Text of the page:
9 30 January 2002SW WM Taxonomy 9 Robustness and Fragility  List of Transformations: 1.Copying within a protection domain 2.Copying into another domain 3.Deriving a substantially-similar work 4.Copying a short excerpt  A robust watermark will survive any transform with a small number.  A fragile watermark will be destroyed by any transform with a large number.  Some watermarks are neither fragile nor robust! (For example: WMs destroyed by some “class 1” transforms, but surviving some in class 4.)

10 30 January 2002SW WM Taxonomy 10 Resolution of the Ambiguities  Should a watermark be visible to end-users? –Yes, if it’s an assertion (e.g. of copyright or authorship) or an affirmation (e.g. of authenticity). –No, if its purpose is to permit or prevent an unauthorised use.  Should a watermark be robust? –Yes, for affirmations and preventions. –No, for assertions and permissions.

11 30 January 2002SW WM Taxonomy 11 Types of Software Watermarks  Visible robust watermarks: useful for assertion (of copyright or authorship)  Invisible robust watermarks: useful for prevention (of unlicensed use)  Visible fragile watermarks: useful for affirmation (of authenticity or validity)  Invisible fragile watermarks: useful for permission (of licensed uses).

12 30 January 2002SW WM Taxonomy 12 Authorship Marks (Assertion)  An assertion of authorship, and its related copyright and moral rights, can be made in what we call an “Authorship Mark”.  Visibility is desired, otherwise the end-user won’t be given notice.  Robustness is desired, otherwise the authorship mark would not be present in a substantially similar work.

13 30 January 2002SW WM Taxonomy 13 Fingerprint Marks (Prevention)  A publisher, distributor or other agent of the author might embed a unique “fingerprint mark” on each copy they sell or license.  Fingerprints should be robust, ideally surviving even in modestly-sized excerpts.  Fingerprints should be invisible, otherwise they will be easily removed by pirates, and they may annoy the end-user.  Fingerprints will prevent unauthorised use, when suitable detection & response systems are in place.  Used in the “Content Protection System Architecture” proposal from 4C Entity.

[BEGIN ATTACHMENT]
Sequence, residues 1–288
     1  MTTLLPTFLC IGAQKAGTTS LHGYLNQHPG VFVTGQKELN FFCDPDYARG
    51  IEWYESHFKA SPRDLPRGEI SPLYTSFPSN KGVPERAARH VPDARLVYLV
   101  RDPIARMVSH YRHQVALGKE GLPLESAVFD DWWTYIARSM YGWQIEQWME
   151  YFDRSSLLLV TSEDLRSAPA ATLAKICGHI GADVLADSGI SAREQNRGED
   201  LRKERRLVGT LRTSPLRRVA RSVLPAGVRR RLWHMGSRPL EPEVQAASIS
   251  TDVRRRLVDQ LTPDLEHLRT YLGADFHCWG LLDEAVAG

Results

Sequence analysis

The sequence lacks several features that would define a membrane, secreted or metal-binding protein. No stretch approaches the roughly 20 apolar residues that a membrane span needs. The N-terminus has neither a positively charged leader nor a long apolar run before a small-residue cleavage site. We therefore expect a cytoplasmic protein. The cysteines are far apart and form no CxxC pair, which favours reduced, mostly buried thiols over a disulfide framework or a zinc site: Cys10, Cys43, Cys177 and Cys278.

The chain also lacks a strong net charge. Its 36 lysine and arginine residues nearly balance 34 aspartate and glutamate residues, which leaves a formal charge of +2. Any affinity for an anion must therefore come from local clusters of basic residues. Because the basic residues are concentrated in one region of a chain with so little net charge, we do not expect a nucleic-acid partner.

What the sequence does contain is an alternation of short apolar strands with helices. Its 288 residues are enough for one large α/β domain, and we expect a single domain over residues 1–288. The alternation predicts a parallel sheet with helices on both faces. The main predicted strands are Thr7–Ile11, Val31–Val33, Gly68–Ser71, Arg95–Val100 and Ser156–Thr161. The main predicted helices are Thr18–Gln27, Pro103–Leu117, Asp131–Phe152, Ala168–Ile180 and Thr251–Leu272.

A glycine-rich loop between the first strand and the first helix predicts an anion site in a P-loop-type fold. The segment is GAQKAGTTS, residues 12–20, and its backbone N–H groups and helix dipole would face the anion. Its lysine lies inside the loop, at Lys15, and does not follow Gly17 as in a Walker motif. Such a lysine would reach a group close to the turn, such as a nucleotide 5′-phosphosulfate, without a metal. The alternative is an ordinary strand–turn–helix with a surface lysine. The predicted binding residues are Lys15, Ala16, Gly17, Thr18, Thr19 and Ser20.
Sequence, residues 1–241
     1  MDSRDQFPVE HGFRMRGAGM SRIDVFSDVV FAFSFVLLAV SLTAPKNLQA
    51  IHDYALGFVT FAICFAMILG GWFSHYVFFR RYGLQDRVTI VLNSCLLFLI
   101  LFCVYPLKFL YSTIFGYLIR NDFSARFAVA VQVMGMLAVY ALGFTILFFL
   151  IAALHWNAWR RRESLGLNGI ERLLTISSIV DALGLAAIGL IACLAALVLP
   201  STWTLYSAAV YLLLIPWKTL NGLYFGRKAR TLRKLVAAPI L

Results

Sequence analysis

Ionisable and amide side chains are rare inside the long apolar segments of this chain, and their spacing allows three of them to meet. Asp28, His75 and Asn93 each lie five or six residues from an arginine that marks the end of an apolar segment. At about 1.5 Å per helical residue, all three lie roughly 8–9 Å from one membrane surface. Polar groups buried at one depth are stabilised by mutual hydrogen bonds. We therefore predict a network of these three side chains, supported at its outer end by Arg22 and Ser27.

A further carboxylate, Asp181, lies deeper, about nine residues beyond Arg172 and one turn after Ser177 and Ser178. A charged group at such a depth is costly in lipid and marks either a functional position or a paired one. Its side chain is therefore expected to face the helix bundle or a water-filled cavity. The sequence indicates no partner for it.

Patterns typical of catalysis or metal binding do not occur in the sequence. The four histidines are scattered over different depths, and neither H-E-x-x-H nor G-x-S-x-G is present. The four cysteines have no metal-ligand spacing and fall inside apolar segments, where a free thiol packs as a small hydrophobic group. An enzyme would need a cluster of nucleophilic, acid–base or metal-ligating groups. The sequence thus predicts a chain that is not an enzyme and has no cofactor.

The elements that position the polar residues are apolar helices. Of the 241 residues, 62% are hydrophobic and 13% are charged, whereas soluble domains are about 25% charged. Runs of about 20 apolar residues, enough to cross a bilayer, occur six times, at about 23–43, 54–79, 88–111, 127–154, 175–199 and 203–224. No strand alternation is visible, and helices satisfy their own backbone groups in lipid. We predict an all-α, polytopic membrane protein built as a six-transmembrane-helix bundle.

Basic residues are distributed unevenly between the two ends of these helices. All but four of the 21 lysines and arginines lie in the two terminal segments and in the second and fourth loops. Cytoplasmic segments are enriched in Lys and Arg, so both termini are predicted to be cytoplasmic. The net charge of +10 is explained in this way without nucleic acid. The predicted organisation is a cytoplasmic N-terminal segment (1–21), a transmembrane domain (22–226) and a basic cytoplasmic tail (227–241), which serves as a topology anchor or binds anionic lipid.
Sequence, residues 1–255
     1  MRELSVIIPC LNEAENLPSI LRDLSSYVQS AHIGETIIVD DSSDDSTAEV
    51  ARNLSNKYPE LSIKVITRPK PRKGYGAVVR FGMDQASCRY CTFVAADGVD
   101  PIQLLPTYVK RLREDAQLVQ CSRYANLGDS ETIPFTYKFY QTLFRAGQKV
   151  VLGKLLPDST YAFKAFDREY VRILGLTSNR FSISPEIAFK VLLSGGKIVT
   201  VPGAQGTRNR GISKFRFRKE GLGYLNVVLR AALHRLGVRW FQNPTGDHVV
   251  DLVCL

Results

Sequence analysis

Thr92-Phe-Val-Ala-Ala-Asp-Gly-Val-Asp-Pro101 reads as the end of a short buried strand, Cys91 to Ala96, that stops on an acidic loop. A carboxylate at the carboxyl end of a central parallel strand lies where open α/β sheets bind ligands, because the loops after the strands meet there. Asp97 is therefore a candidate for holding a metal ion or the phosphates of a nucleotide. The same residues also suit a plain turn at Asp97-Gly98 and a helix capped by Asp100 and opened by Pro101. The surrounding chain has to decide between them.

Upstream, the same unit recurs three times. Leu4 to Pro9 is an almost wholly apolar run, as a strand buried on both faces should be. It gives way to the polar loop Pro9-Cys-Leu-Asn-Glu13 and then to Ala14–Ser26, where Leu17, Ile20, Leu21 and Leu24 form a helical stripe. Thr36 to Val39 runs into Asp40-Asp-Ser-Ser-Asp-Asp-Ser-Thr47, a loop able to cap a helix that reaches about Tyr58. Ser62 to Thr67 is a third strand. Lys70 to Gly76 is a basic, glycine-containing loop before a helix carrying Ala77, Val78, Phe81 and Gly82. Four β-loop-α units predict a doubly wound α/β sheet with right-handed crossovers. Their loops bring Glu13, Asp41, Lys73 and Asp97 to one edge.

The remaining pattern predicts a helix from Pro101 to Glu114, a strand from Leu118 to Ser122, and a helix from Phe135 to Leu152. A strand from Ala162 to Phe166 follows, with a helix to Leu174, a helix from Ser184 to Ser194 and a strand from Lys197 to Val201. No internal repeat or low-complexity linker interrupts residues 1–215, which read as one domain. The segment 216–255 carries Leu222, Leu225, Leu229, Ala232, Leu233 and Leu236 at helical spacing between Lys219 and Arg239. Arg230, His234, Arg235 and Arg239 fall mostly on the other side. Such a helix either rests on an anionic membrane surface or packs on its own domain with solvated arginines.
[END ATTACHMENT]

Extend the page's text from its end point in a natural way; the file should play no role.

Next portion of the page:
14 30 January 2002SW WM Taxonomy 14 License Marks (Permission)  Fragile marks, which are destroyed or suitably modified whenever a copy is made, allow us to design a system that permits licensed use. For example: an object with a “copy-2” mark can be transformed into two objects with “copy-0” marks.  License Marks are most useful in conjunction with Fingerprint Marks: the Fingerprint Mark indicates what sort of License Mark is required.  License Marks should be invisible, so that they may resist attacks by pirates.  LWMs (License Watermarks) are used with FWMs (Fingerprint Watermarks) in the Content Protection for Recordable Media proposal from 4C Entity.

15 30 January 2002SW WM Taxonomy 15 Validity Marks (Affirmation)  Visible, fragile marks can affirm, to the end-user, that the software has not been modified in any important way since manufacture.  VWMs for software are typically designed to be fragile except for verbatim copying; a single-bit change will invalidate the VWM.  Cryptographic signature algorithms are used to implement VWMs in Java and in Microsoft’s Authenticode.

16 30 January 2002SW WM Taxonomy 16 A Fifth Function?  Any watermark is useful for the transmission of unrelated information (espionage, humour, …).

17 30 January 2002SW WM Taxonomy 17 Our Functional Taxonomy Goal: “… wisdom … by classifying [watermarks] methodically and giving them appropriate names.”